TWENTY-TWO MILLION DOLLARS stands between this city and chaos.
The District of Columbia school system says it may have to lay off as many as 800 more teachers in addition to the 400 who were fired last year -- in other words, gut the city's educational system -- because of budget reductions imposed on the school system by Mayor Marion Barry and the City Council.
Without a viable public education system, Washington is lost. So the time has come to raise taxes to save our schools.
I have a modest proposal: It is time, I think, to mount a citizen drive for a November referendum that would authorize additionial property or local income taxes.
The mayor has always been opposed to tax increases -- he proposed the property tax relief program when he was in the City Council and reiterated this position just Thursday in his amended 1982 budget. But a majority of District of Columbia residents have said they would rather pay more property taxes than have either service cutbacks or layoffs of city workers, according to a Washington Post poll taken last December.
Barry said the City Council seem to feel it should take less money to educate a declining enrollment. But that becomes a simplistic, almost punitive posture toward the school board and the citizens. What needier cause can a city and a society have than its children?
What would it take to raise $22 million in real estate taxes? About 12 cents per $100 of assessed valuation, according to city financial economist Bob King. That's $85.20 extra a year for the owner of an $80,000 home.
Now it's true that assessments on single-family homes went up this year, but compared to other jurisdictions in the Washington area, residential property taxes in the city are relatively low. And while District of Columbia commerical taxes are higher than in surrounding jurisdictions, any property tax increase for businesses would be a tax-deductible business expense, as it would be for individual taxpayers if they itemize deductions on their federal tax returns.
As a city homeowner, I'm hurting from inflation as much as anybody else and higher property or income taxes wouldn't be easy to cough up. But I think we're facing a crisis of unparalleled magnitude. Our children must be educated.
The Washington Teachers Union believes the mayor when he says that he has no more money in his budget to give the schools. Parent groups are rallying to support increased funding and are trying to organize the community. They, as well as the city's newspapers, have analyzed and chastised. Emotions continue to mount as the reality of the crisis becomes apparent. Yet Congress has not recognized (and apparently is not about to) the priority of public school funding here.
Actually it's not only our children who are at stake. The proposed elimination of adult education programs means that the 200,000 District residents with less than a high school diploma no longer will have the option of obtaining a high school equivalency degree in the city. In the District of Columbia, adult education is not basket weaving; it's the last resort for many Washingtonians who are trying to pull themselves up by their bootstraps.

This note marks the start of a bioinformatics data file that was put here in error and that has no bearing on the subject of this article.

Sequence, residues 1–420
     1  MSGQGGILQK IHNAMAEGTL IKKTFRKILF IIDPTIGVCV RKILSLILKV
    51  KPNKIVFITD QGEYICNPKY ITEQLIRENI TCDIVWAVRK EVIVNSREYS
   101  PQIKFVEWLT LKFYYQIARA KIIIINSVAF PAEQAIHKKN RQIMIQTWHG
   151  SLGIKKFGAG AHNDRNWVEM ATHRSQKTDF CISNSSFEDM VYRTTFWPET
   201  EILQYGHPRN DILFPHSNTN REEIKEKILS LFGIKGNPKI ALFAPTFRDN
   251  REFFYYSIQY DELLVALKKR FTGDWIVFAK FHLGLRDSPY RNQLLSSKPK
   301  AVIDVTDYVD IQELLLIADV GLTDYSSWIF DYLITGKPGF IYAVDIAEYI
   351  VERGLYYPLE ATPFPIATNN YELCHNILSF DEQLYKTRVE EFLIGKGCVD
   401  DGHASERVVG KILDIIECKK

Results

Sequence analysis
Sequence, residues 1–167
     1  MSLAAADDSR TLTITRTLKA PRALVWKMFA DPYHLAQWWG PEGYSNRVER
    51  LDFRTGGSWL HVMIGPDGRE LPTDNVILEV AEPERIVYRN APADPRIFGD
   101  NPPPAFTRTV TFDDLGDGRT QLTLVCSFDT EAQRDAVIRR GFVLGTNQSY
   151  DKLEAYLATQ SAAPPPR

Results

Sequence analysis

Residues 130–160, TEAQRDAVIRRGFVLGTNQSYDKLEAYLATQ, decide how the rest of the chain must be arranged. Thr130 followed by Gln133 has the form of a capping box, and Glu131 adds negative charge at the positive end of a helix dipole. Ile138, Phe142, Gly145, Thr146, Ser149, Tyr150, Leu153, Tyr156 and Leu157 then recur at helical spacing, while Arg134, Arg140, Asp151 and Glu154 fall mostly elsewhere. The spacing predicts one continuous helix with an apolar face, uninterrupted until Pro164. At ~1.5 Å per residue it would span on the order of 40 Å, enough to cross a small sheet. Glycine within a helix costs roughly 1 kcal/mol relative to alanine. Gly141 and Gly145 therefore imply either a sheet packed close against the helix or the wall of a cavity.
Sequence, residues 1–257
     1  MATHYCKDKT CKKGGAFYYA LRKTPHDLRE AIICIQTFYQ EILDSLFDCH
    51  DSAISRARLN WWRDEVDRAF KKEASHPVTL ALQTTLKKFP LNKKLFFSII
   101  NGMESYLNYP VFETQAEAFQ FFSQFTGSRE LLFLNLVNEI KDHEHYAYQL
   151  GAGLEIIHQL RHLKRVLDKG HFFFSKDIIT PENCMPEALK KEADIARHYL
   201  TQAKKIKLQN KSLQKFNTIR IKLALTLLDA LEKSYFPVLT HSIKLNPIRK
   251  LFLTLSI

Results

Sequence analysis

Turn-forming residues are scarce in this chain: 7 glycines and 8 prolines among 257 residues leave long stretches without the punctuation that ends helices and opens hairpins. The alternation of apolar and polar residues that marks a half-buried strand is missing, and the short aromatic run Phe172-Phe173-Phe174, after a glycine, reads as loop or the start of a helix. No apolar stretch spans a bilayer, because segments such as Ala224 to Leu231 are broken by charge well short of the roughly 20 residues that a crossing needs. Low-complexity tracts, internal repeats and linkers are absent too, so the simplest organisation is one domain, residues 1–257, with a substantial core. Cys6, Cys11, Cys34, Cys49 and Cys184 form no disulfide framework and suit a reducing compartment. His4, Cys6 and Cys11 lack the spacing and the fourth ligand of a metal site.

Of course, the long-term answer is to get school board funding out of politics altogether. In some states, the school board has its own tax levy separate and apart from the city levy. While such a system has been a disaster in Ohio, where thousands of jurisdictions set separate levies, it has been an overwhelming success in Minnesota, where the schools have complete autonomy and have taken courageous stands that the politicians didn't necessarily like. Unlike Washington, Minnesota school boards are not generally considered stepping stones for higher political office, but tend instead to attract public spirited citizens who care about education.
Increasing property or income taxes are not the only ways to raise more money for education. It could be done with an increase in the sales tax or any of a variety of other city levies.
But I think by far the most equitable way is the property tax route.
There will be those who will argue against this because Washington is fast becoming a city with a large childless middle and upper class, a smaller middle and upper class whose children go to private schools and a substantial working-class and low-income population whose children constitute the vast majority of the public school enrollment.
But we either pay positively now or we pay negatively later on. As one childless Washington property owner told me, sanctioning such an idea: "I have a stake in the schools. I have a stake in a city that's not racially and class divided. I have a stake in a city where all the people can function, where we give all our children hope."